As I drove along the highway en route to the gym for my morning workout, I thought about the last e-mail message I had read before retiring the previous night: a former runner and high school classmate, “The Shark,” now dead at 55 from injuries sustained in a freak motorcycle accident over the July 4th holiday weekend. A vehicle pulled out in front of him as he tooled down a local highway. The driver didn’t see the oncoming bike—until it was too late.
Shortly after I crossed the bridge heading north, I noticed a slight movement in the shadows beneath the trees. My eyes picked out the silhouette of a young white-tail deer, head erect, oversized ears panning the landscape to monitor the morning sounds. I eased my foot off the accelerator and coasted by the doe, close enough to see her nose twitch. I imagined that she was waiting to cross the road on her way down to a morning watering at the river.
Minutes later I pulled into the parking lot at the gym and stepped out into the cool morning air. Off to the east the sky lay littered with purple clouds edged in red; the sun was just breaking over the mountains. A wood thrush piped an eerie call from the woods as I crossed the macadam to the front entrance of the facility that housed the pool in which I would spend the next two hours.
I took up swimming as an exercise regimen sixteen years ago when I turned forty, after my knees had given out from two decades of distance running. A workout in the pool, much easier on the joints, allows me to keep my cardiovascular system in reasonably good condition without punishing my hips and knees.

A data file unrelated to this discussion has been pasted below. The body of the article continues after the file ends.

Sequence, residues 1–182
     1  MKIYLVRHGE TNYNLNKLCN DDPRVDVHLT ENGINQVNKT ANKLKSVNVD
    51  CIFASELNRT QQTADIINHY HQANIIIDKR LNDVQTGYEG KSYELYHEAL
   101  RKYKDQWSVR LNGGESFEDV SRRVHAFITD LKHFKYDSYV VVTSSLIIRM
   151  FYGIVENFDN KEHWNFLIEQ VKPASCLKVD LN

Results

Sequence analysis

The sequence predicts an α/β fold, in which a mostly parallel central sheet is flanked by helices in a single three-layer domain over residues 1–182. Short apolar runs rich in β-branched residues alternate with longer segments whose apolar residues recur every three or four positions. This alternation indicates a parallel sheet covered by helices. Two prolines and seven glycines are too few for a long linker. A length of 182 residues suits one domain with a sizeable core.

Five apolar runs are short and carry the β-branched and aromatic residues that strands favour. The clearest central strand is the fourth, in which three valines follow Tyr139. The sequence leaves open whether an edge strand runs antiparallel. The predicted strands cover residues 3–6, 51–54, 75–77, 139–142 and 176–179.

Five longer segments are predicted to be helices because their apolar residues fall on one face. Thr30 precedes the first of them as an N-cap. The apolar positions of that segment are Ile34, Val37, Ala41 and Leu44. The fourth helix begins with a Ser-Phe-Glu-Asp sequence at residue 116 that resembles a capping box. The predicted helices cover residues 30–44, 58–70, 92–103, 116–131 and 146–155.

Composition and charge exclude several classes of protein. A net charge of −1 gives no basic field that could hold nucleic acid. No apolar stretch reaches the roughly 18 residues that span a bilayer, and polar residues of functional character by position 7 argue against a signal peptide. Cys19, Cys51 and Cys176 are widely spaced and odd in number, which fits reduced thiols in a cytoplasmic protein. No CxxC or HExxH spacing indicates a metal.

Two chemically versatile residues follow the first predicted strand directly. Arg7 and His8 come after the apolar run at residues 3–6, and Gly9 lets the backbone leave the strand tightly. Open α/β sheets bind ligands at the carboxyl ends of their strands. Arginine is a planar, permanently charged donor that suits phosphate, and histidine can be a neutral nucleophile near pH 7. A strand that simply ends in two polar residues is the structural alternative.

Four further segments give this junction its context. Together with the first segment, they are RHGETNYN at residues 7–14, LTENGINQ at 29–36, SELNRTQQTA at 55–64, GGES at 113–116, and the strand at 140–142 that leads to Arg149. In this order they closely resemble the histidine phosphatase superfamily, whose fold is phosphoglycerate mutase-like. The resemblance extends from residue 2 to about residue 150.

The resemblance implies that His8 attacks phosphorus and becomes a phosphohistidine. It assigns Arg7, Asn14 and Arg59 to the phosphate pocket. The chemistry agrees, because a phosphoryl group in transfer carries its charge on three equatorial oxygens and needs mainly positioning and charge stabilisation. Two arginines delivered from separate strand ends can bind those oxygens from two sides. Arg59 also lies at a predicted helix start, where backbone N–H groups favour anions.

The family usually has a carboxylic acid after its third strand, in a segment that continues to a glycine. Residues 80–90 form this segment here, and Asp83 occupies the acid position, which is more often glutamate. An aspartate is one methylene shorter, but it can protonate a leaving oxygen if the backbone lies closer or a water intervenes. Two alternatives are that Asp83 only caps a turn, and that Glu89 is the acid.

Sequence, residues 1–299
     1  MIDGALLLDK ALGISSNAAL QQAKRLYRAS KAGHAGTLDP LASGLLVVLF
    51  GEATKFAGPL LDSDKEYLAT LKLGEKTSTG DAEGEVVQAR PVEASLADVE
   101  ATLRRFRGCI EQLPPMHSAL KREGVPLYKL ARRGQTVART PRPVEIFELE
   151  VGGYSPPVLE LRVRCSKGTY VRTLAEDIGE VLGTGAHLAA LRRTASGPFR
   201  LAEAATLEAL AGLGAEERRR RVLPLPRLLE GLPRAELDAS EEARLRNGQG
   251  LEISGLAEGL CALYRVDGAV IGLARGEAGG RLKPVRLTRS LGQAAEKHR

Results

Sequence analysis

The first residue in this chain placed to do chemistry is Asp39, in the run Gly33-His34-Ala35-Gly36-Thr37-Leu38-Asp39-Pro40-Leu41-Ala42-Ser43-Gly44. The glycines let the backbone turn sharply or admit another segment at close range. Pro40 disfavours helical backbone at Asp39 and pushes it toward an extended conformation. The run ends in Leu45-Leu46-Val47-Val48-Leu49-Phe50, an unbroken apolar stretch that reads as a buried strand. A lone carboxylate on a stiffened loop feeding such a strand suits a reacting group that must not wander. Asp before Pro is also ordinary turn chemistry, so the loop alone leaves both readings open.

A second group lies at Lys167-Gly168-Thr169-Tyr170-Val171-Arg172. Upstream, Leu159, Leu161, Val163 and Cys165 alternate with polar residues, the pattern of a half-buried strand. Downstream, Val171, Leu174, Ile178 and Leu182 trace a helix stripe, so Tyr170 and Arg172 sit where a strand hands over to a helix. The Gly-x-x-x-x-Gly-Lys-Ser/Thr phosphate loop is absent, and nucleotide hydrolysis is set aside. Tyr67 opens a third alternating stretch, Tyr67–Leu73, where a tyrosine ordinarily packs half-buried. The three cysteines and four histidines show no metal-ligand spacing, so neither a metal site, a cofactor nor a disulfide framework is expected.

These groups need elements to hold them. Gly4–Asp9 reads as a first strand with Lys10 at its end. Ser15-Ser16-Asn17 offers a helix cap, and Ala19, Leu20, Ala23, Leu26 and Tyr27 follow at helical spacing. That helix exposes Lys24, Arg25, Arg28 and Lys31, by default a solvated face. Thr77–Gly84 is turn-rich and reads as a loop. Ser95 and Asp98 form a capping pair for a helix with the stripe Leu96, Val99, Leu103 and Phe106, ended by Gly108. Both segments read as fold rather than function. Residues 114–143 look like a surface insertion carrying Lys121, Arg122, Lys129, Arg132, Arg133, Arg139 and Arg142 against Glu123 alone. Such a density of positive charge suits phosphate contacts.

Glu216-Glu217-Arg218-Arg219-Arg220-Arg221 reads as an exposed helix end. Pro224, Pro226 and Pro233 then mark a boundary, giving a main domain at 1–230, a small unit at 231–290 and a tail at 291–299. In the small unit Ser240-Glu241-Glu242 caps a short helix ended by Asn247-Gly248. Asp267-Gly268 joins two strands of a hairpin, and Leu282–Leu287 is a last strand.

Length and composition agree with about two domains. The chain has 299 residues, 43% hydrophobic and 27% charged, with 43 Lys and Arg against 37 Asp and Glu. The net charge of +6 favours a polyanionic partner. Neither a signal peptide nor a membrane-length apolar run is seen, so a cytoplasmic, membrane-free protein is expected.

When I was a miler back in high school, “The Shark” was a sprinter. Short, compact and powerfully built, he logged a number of records in the shorter distances and relays. While I worried about keeping my grades up and brooded over lost loves, “The Shark” grinned through those turbulent adolescent years seemingly without a care in the world. The writer of his obituary captured his disposition in a few short lines: “always pursing the light side of life…full of laughter and love…he uniquely left his mark on everyone he met.”
I swam my allotted yardage, showered up and headed back home for breakfast. The early morning clouds had broken up, leaving a faultless blue dome overhead. I got in line at the yield sign and headed south with the thread of morning commuters.
As I came up over a slight rise, I caught sight of flashing red and blue lights by the side of the road up ahead. A patrol car was parked behind an old pickup truck that had an extension ladder strapped to the roof. A man in a plaid work shirt kneeled by the front of the vehicle, inspecting the twisted front bumper. A uniformed policeman stood next to him, writing on a small tablet in his hand.
I glanced to the right, and there on the shoulder by the curb lay the doe, stretched out on her side with one foreleg bent, cinnamon coat gleaming in the bright sunlight, the white belly already swollen, a trickle of bright red blood oozing from the left nostril.
She had bolted at the last minute, I imagined. Most likely the driver of the pickup hadn’t seen her—until it was too late.